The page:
Link to a review by George Martin Fell Brown of Helena Sheehan’s book Marxism and the Philosophy of Science: A Critical History (1985/2018):
“Book Review: Marxism and the Philosophy of Science”
This review does suffer from a bit of a Trotskyist (anti-Stalinist) bias, but it still provides a useful historical overview.
Link to an article by Christine MacDonald:
“I Went to a Climate Change Denial Conference. It Made Even Less Sense Than You’d Think.”
This article was published on the magazine In These Times’ web site. The publication is populist, meaning that it constantly strives to demonize its political opponents and construct an enemy. Aside from that, what the article explains about climate change deniers is that they are engaged in what Jacques Lacan called “university discourse” in order to defend a particular social structure. Bruce Fink explained this concept of “university discourse” in his book The Lacanian Subject (1995):
“the university is an arm of capitalist production (or of the ‘military-industrial complex,’ as it was called . . . ), suggesting that the truth hidden behind the university discourse is, after all, the master signifier. Knowledge here interrogates surplus value (the product of capitalist economies, which takes the form of a loss or subtraction of value from the worker) and rationalizes or justifies it.” (p. 132).
“Working in the service of the master signifier, more or less any kind of argument will do, as long as it takes on the guise of reason and rationality.” (p. 133).
Populists generally avoid getting into these issues, because to do so would tend to reveal the large degree of agreement between them and the political far right. But this article is still a good example of how the right doesn’t care about making “good” arguments as long as they serve their desired (if unstated) social arrangement.
Link to an article by John Molyneux:
“How Fast is the Climate Changing?”
“That the capitalist class is most interested in protecting its power, position, wealth and way of life means that the struggle to adapt to and mitigate the impacts of global warming is a class struggle. It is a struggle for power — not a struggle over morality or individual consumer choices. The capitalist class holds out the promise of ‘more of the same’ because that is the way that it can continue to accumulate wealth while working people get the same raw deal of exploitation, racism and oppression that they have for centuries.”
Jodi Dean, “Climate Change Is Class War”
See also “Global Warming and U.S. National Security Diplomacy” and “The Discovery and Rediscovery of Metabolic Rift” and “Endangered Species Act: A Failure Worth Fighting For?”
Link to Robert Merton’s four norms that constitute “four sets of institutional imperatives taken to comprise the ethos of modern science… communism, universalism, disinterestedness, and organized skepticism.” (CUDOS is the acronym):
“Four Mertonian Norms”
(contrast that with this: “Neil deGrasse Tyson: A Celebrity Salesman for the Military-Industrial-Complex”)
Link to an article by T.J. Coles:
“Neil deGrasse Tyson: A Celebrity Salesman for the Military-Industrial-Complex”
Note that this identified deGrasse Tyson as an old-fashioned shill rather than part of the “idiot pool”. Anyway, this article doesn’t explicitly reach deGrasse Tyson’s secular humanist “scientism” ideology which is really what drives his sociopolitical status quo boosterism:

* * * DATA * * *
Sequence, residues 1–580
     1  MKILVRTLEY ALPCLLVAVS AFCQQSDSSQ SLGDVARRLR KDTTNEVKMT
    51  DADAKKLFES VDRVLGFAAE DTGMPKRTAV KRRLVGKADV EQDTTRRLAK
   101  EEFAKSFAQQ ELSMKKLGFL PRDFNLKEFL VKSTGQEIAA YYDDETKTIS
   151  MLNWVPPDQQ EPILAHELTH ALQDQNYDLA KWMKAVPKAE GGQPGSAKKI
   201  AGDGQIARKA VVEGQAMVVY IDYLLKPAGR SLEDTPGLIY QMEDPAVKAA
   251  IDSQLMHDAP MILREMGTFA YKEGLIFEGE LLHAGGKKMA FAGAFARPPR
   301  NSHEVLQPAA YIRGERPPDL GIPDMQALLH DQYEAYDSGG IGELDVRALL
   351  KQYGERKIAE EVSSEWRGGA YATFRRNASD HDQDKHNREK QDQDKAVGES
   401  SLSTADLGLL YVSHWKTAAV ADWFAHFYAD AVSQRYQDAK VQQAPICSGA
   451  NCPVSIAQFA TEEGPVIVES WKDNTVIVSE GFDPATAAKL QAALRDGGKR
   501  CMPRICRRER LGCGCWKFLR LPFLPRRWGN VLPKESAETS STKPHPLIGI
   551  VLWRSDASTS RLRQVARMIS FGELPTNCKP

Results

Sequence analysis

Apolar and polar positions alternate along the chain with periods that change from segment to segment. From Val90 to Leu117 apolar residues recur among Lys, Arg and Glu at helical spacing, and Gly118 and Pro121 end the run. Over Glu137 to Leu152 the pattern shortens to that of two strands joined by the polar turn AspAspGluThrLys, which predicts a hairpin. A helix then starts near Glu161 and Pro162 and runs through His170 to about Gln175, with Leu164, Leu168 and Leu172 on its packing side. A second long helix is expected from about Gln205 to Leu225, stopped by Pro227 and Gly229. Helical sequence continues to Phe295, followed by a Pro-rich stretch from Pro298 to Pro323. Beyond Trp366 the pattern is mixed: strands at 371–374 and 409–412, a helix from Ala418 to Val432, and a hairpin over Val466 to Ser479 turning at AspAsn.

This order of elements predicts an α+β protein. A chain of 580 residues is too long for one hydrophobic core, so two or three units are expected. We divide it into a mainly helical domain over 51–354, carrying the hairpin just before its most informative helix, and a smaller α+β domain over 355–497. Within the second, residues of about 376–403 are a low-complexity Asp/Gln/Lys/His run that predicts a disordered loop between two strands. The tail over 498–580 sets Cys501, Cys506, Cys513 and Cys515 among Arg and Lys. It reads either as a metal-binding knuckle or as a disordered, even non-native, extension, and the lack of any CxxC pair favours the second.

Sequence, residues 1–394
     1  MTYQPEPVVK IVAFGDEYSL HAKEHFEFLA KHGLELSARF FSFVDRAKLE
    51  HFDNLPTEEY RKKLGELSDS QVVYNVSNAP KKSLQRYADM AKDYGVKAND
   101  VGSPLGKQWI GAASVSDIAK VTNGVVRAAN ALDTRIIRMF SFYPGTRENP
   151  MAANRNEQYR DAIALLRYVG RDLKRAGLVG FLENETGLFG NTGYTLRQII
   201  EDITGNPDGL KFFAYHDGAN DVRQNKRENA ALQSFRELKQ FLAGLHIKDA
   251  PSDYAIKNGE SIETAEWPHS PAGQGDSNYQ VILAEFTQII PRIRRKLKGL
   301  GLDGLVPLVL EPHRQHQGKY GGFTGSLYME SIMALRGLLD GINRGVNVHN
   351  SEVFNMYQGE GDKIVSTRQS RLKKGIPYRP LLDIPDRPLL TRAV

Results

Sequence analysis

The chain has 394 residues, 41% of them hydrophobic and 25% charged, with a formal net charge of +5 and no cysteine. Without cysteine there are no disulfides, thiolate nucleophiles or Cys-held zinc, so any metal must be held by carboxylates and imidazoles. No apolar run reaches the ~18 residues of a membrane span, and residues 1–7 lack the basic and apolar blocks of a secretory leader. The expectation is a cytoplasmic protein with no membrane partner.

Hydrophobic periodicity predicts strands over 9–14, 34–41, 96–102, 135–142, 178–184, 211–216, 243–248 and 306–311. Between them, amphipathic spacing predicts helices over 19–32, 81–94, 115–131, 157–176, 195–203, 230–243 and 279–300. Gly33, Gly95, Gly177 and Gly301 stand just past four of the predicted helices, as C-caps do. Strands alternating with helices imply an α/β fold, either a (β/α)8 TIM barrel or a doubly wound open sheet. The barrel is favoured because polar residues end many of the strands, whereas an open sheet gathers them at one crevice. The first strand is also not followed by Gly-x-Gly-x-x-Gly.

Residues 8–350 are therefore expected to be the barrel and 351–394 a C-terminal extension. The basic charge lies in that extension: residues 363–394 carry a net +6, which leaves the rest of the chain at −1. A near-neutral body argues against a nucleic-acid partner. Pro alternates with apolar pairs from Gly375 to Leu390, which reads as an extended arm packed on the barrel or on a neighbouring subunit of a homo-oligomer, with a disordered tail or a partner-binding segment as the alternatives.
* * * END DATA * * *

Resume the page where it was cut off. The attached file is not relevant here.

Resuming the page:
“The relevance of these practices is that they account for Tyson’s scientism as a tactic in a culture war. I’ll lay out some principles of Tyson’s apparent culture to show how the conflict arises. Tyson’s all-business impatience with philosophy and his allusion to progress indicate that he stands not just for the supremacy of science, but for the modern institutions (capitalism, private industry, democracy) that have exploited scientific knowledge. The liberal values (freedom of thought, environmentalism, admiration for underdog scientists) and inchoate pantheism that surface in his series, Cosmos, show that he stands also for secular humanism. Put these together and you have a culture that reduces to neoliberalism, an ideology that’s analyzed thoroughly by Philip Mirowski’s Never Let a Serious Crisis Go to Waste. Neoliberalism is the rebirth of the social policies that led to the Great Depression, which rebirth was made possible by some propagandists’ mastery of the double standard. Neoliberalism is what powerful Republicans and Democrats have in common, the understanding that capitalism runs counter to democracy, but that a semblance of the latter is needed as the noble lie to sustain the magic of the former. Thus, neoliberals are both populists and technocrats, depending on their audience. In any case, in so far as Tyson despises philosophy for being useless in contrast to science, he must approve of the modern applications of science—not just the medical breakthroughs and technological advances, but the egoistic, materialistic mass culture of consumerism that bankrolls the loftier work of scientific inquiry.”
Benjamin Cain, “Neil deGrasse Tyson’s Scientism and the Scapegoating of Philosophy”
Bonus links: “Book Review: Marxism and the Philosophy of Science” (“Capitalism portrays science as a purely objective phenomenon and considers any attempt at understanding the political implications of science to be an intrusion of ideology into the sphere of objective, scientific neutrality.” *** “‘Positivism’ refers to the rejection of philosophy in favor of adopting an (often oversimplified) understanding of natural science as the basis for all theoretical and practical activity.”) and “Where Is the Rift? Marx, Lacan, Capitalism, and Ecology” (“modern science is ‘untrue’ insofar as it is blind to the way it is integrated into the circulation of capital, to its link to technology and its capitalist use, i.e., to what in old Marxist terms was called the “social mediation” of its activity.”)